Deputy President William Ruto has moved with alacrity to consolidate his position in the Jubilee Party, taking full charge of the presidential re-election campaign, and leading the Jubilee team to face with the Opposition as the August election enters the final stretch.
If President Uhuru Kenyatta is the Commander-in-Chief, then Mr Ruto is filling in the position of lieutenant-general, leading the Jubilee troops as it prepares to face a united Opposition in two months but with his eyes firmly on the 2022 succession battle.
RUTO IS DEPENDABLE
Jubilee insiders told the Saturday Nation that the Deputy President has over time created vast political contacts and networks, particularly in central Kenya, Eastern, North Eastern, and at the Coast with an eye on denying electoral victory to the Nasa team, led by the Opposition’s joint presidential candidate, Mr Raila Odinga.
Confirming Ruto’s role in the Jubilee campaign, Senate Majority Leader Kithure Kindiki said: “Despite his high office, he is, shall I say, the campaign manager?”
“I have worked with him since the last election and I can say this: He is the kind of person you have in your corner and you are sorted. The President is very happy to have him as his lieutenant.”
Friend and foe alike describe Mr Ruto as a hardworking politician.
“He is the very embodiment of the early to bed early to rise mantra,” Prof Kindiki, who also painted the image of a work horse who can attend several rallies in a day and still speak eloquently and energetically at all of them, said.
On Monday, while he accompanied the President on campaigns around the capital city of Nairobi, before seeking clearance from the electoral commission to vie for the presidency, it did not escape keen observers that the DP was more than familiar with the members of the Jubilee team and he stepped in to whip them back into line when they appeared to overwhelm the selected masters of ceremonies, especially after he and Mr Kenyatta were cleared for the August 8 poll.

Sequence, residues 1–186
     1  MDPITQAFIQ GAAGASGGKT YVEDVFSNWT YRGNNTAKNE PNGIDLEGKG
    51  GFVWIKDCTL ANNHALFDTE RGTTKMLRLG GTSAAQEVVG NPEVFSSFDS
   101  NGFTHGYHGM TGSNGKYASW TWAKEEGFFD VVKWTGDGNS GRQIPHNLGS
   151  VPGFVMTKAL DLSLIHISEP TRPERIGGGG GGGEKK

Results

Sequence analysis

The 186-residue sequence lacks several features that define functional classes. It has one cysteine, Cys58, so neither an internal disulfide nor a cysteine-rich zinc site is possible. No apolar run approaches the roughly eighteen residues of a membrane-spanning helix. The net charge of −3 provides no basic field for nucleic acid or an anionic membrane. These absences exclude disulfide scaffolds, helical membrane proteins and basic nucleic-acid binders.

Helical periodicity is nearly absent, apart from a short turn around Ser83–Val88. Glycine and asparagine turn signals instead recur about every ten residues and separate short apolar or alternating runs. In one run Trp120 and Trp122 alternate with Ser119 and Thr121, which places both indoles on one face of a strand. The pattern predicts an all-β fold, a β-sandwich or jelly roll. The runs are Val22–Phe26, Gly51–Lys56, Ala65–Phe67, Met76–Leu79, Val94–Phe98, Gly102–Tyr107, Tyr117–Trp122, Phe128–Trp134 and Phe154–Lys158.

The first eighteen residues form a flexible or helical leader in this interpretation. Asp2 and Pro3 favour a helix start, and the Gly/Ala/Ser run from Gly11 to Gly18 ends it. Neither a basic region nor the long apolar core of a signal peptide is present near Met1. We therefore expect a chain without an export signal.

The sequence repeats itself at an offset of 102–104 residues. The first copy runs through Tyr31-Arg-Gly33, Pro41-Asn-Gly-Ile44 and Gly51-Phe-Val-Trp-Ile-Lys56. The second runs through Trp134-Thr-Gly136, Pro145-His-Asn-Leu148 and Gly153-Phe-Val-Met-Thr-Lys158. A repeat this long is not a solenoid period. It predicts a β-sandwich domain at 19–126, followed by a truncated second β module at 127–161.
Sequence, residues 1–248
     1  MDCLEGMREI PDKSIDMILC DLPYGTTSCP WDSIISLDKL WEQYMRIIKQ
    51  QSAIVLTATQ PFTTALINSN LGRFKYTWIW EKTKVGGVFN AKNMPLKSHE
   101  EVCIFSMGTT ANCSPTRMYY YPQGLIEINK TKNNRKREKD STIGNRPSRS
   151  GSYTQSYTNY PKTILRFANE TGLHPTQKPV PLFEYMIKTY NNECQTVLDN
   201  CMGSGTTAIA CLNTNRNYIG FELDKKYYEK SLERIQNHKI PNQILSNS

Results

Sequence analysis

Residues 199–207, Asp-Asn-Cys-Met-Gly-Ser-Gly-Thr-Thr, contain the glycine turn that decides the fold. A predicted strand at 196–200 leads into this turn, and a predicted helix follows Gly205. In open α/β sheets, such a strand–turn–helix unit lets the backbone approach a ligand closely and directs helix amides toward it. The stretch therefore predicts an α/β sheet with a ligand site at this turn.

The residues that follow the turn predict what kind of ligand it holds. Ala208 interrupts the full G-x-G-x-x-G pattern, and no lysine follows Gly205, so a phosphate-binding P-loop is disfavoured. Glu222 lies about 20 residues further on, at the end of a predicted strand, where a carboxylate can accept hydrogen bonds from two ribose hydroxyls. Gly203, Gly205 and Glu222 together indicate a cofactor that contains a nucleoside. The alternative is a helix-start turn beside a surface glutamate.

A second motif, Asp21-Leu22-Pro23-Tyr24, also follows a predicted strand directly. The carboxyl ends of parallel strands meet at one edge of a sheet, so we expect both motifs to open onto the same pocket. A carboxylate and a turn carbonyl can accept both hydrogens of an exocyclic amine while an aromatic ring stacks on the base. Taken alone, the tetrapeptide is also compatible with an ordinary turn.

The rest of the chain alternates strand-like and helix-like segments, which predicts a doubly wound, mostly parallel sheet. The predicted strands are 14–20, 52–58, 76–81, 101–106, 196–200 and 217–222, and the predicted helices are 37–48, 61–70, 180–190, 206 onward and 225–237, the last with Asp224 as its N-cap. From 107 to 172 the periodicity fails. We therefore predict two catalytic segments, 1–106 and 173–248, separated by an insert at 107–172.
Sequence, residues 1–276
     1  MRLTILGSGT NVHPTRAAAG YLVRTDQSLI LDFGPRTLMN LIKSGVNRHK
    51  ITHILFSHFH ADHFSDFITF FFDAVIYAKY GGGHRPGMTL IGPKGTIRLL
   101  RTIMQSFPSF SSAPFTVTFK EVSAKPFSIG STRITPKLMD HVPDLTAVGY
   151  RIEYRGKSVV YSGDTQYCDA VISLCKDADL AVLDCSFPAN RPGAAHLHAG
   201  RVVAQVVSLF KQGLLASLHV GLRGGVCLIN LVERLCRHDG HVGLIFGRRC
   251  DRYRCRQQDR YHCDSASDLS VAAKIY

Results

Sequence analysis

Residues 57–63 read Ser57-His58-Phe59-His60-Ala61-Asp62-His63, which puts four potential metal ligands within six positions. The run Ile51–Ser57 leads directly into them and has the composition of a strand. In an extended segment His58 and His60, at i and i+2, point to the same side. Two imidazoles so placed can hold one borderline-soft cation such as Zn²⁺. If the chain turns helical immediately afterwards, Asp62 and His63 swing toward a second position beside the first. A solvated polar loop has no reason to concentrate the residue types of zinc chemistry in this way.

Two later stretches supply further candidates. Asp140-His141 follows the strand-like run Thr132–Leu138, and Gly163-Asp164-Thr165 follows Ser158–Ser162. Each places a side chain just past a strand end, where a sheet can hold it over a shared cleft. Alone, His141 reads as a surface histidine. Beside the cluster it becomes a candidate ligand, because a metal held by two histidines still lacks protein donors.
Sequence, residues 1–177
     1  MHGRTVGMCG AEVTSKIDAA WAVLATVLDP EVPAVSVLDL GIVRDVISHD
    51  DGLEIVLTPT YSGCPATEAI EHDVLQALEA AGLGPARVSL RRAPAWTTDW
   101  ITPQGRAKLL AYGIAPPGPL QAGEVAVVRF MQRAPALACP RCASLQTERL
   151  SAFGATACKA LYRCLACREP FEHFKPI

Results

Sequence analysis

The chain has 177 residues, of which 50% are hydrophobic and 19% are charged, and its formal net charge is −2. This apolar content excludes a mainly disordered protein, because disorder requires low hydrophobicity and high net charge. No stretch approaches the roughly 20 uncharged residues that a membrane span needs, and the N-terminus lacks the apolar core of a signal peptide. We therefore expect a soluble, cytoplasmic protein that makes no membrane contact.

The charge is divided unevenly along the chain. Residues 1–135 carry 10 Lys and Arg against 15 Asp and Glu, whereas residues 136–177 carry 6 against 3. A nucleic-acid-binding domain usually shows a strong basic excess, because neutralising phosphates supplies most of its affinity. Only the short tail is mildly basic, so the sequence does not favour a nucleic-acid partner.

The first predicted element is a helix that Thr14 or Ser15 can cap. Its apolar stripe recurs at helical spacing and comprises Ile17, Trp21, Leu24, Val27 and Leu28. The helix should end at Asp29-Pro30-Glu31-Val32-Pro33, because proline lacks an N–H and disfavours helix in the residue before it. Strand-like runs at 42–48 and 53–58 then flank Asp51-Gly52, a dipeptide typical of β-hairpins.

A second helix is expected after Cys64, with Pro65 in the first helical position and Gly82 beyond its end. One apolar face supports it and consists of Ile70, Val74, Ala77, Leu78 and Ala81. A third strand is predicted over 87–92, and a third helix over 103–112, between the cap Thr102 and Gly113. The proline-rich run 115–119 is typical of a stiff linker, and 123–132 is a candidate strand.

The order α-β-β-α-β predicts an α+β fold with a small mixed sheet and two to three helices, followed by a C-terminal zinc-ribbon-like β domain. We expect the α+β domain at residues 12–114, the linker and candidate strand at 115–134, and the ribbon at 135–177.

At one point, as the presidential motorcade snaked its way along Outering, Mutindwa and Jogoo roads, Mr Ruto played the master of ceremonies, taking turns to introduce Jubilee aspirants to the President.
Not only did he introduce those from Nairobi but also some from the neighbouring counties of Kiambu, Machakos and Murang’a.
He was even calling most of them – including those vying for Member of County Assembly (MCA) seats – by name.
He was, so to speak, on familiar ground.
MERGER OF PARTIES
Indeed, the former secretary-general of The National Alliance (TNA), Mr Onyango Oloo, said that Mr Ruto was in control as far back as 2016.
“The moment the integration process (merger between TNA and URP) started, the Ruto wing took total charge of the situation,” Mr Oloo, who later resigned and decamped to the Orange Democratic Party, led by Mr Odinga, said.
With the President more engrossed in official State duties, including overseas trips, observers within Jubilee have said that Mr Ruto has taken charge of the campaigns as he also seeks to endear himself to the central Kenya region.
Lately, he has been hosting delegations of Jubilee supporters and party candidates from across the country at his Karen residence.
Among his recent guests was former Devolution Cabinet Secretary Anne Waiguru, with whom he had fallen out before she quit the Cabinet to seek political office under a cloud of accusations over her role in the National Youth Service scandal.